So sorry that I kept you waiting an extra day for Part 3…sleep got a hold of me last night before I could type this out.
We left off with switching cities…. I left my Moscow subway surfing behind to traverse the bridges of St. Petersburg’s canals. You often hear about particular cities that are beautiful to see at night – Paris, Las Vegas, etc. – but St. Petersburg isn’t usually one of them. Well, take it from a girl who loves soaking in city lights under starry skies… St. Petersburg is gorgeous at night! Standing on a bridge, looking down a canal sparkling with the reflection of hundreds of yellow lights…ahh! But, lets not get ahead of ourselves. We have a lot of daylight to discuss!
Peterswalk – Most of our day was spent on a walking tour of the city led by guides from a company called Peterswalk. My group’s guide was the founder himself, Peter. He actually grew up in St. Petersburg so he was very knowledgeable about the city. A random fun fact about him is that, even though he is a native Russian, he speaks with an awesome British accent because of how he learned English. We learned a lot from Peter – everything from how to find our way around the city to the dimensions of government-issued housing during the Soviet era. (When he was a boy, his family was only allowed a living space of 45 square meters. That’s 10 for each person plus 5 for a family. Before this, they only allowed 6 square meters per person and no extra for families. Crazy!)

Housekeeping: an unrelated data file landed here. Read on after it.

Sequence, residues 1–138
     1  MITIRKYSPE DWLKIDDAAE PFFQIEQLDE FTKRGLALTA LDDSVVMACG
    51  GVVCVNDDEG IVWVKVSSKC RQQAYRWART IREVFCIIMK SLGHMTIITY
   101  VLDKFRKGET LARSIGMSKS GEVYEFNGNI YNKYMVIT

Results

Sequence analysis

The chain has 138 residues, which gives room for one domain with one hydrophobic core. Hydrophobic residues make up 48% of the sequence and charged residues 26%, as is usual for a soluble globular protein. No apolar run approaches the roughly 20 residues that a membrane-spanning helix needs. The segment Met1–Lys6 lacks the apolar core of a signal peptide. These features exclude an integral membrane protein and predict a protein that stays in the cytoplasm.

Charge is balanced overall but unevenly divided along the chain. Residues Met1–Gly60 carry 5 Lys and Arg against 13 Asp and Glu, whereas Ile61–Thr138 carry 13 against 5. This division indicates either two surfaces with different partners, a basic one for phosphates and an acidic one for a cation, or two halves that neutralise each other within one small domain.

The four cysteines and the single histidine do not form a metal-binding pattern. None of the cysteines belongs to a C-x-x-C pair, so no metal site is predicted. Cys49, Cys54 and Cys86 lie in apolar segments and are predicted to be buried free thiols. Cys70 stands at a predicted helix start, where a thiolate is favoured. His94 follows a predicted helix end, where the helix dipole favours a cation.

Russian Ballet – Day 1 of St. Petersburg ended with the Russian Ballet’s performance of “Le Parc” in the Mariinsky Theatre. It was fun to get dressed up for this and go see it live in a beautiful, historic theatre. I felt so sophisticated! Then I pulled Margaux out of my bag, complete with her tutu and ballet shoes, to take her picture in front of the stage. And I felt no shame! :) The show was really interesting. It was a combination of modern and classical ballet. I am definitely more a fan of classical ballet, but it was cool to see the contrast of the two in one show.